Just over a month ago, when much of the nation went into lockdown closing schools and businesses while ordering people to stay in their homes, it was for a specific reason. The purpose of the lockdown, we were told at the time, was to slow the spread of the coronavirus and avoid overtaxing our hospital systems as we had seen happen in Italy. The good news is that it worked; the better news is that that success can now allow us to begin to reopen the nation’s economy.
Not only did our hospitals have enough capacity to handle the regional spikes in the virus, in cities such as New York, extra beds at the Javitz convention center and on the USS Comfort turned out to be unnecessary. Meanwhile, in many communities across the country hospitals sit empty, laying off workers because they are forbidden from performing many elective procedures.
Now that we have flattened and even started to turn the curve of cases downward, the goalposts on the lockdown are starting to move. Those who oppose reopening argue that we need extremely widespread testing before we can get back to work, and that we must have thousands of people hired to trace the contacts of people testing positive for the virus.
It’s important to note that until a vaccine is created, assuming one is, there is no way to stop the virus from spreading. The point of social distancing and staying at home was to slow the infection rate, which it appears to have done. If the new standard is that we have to stay on lockdown until there is no longer any threat of infection then we could be sitting in our houses for a year, which is simply not tenable.
This week in Georgia, South Carolina, and Tennessee some reopening is set to begin. By next week restaurants will be open for dine-in eating and movies theaters will be operating in some places. The governors choosing to open up have come under attack for putting their states’ citizens at risk, and in fact, no state has yet achieved the 14 days of decreasing cases that the White House guidelines suggest to begin phase one of reopening.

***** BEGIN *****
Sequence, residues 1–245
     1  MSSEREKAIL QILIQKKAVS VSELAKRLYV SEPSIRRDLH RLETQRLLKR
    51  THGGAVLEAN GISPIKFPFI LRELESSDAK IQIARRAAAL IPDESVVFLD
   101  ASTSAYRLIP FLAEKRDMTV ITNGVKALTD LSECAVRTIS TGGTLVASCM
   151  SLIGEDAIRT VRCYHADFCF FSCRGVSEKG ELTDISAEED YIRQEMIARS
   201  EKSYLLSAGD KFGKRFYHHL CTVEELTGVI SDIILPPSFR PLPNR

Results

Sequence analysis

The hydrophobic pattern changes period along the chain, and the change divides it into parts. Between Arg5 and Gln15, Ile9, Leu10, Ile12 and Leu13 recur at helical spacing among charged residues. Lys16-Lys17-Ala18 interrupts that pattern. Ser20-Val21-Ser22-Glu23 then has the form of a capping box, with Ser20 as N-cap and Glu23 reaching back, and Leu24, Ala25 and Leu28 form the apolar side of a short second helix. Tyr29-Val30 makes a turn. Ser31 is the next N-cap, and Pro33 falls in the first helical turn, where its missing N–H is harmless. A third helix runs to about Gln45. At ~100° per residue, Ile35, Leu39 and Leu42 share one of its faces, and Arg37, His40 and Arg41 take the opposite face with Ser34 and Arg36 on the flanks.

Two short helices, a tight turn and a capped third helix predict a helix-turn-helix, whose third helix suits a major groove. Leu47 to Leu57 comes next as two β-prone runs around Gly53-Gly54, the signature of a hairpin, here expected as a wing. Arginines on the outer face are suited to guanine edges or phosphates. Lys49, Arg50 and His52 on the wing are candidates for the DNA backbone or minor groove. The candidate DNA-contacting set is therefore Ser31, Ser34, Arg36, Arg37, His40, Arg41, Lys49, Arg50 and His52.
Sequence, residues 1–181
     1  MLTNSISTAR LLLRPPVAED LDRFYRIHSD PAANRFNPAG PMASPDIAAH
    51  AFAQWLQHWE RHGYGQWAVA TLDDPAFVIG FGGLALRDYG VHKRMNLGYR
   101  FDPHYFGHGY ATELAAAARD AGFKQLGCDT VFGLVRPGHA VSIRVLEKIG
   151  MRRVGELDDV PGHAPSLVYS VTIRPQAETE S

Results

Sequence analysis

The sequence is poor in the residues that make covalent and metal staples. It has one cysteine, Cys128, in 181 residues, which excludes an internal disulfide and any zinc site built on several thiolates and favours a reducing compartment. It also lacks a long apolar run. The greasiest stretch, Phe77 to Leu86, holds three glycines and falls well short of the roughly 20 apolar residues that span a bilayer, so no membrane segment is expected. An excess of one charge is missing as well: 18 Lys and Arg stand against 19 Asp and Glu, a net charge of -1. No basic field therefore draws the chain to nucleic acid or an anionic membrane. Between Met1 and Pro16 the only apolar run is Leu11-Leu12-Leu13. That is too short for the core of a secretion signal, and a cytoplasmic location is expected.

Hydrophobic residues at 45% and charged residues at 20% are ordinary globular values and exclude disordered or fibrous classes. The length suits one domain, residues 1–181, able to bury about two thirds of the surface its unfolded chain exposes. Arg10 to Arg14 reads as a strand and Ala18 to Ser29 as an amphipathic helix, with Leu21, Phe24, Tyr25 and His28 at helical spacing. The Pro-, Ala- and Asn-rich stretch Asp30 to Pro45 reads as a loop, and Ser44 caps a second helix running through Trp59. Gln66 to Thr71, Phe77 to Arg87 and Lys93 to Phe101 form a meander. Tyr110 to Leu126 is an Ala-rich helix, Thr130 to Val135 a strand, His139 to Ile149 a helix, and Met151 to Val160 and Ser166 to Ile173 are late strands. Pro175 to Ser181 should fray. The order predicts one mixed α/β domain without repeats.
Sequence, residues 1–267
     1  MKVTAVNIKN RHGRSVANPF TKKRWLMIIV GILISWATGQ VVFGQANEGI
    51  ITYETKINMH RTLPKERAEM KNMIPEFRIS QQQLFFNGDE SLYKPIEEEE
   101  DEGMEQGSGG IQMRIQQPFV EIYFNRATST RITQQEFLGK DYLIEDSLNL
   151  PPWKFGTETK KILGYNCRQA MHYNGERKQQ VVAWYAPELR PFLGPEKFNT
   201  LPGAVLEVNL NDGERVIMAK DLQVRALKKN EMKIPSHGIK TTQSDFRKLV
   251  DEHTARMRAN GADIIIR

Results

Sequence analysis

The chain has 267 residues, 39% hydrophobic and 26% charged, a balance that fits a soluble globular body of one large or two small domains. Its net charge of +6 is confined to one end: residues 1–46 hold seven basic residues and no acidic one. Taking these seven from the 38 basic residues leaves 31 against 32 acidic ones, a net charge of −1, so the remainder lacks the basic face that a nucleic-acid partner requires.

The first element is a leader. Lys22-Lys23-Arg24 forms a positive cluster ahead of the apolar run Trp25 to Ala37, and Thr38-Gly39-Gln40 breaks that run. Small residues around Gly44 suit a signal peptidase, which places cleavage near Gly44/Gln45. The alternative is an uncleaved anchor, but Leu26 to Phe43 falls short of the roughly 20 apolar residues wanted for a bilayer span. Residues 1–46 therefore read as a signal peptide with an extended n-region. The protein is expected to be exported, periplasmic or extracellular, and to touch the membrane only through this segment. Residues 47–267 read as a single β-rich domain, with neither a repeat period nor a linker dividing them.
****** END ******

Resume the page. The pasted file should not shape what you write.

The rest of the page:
But as Trump has made clear, these decisions are being left to the governors and these three states will now be important test cases for other states weighing their own options. It’s a risk, the worst-case scenario, which is bad, would see a surge of cases that threatens hospital capacity, and which results in significant loss of life. While the governors understand that cases will inevitably increase with reopening, they are counting on that spread to remain low over all, allowing more business and amenities to open.
This is a sensible approach that is absolutely in line with the original purpose of the lockdown and social distancing. And even with the economy open there is no reason to believe people won’t act with caution, employing hand washing and disinfecting. Slowing the spread of the virus is not a zero sum game, it is worthwhile to begin to experiment with loosening restrictions that are wreaking havoc on the economies of communities across the country.
We can be certain that in the coming days, as cases do increase in Georgia, South Carolina, and Tennessee, political opponents of the governors and many in the news media will seize on those increases to ridicule the efforts to reopen. We must keep a level head when looking at the results over the next few weeks.
If the case levels increase wildly, then the doomsayers will be proven correct and aggressive lockdown may have to continue. But if not, and the numbers stay manageable then communities all across the country will be able to start coming out of the shadows. For many small businesses, the difference of a few more or less weeks being closed could be the difference between ever reopening or not.
There are no easy choices for government in the midst of the pandemic. There is perhaps a safe choice, which is to simply keep the lockdown in place, but being safe doesn’t make it wise. One way or another the results in these three states will tell us a lot about the near future, hopefully one that sees the economy back buzzing sooner rather than later.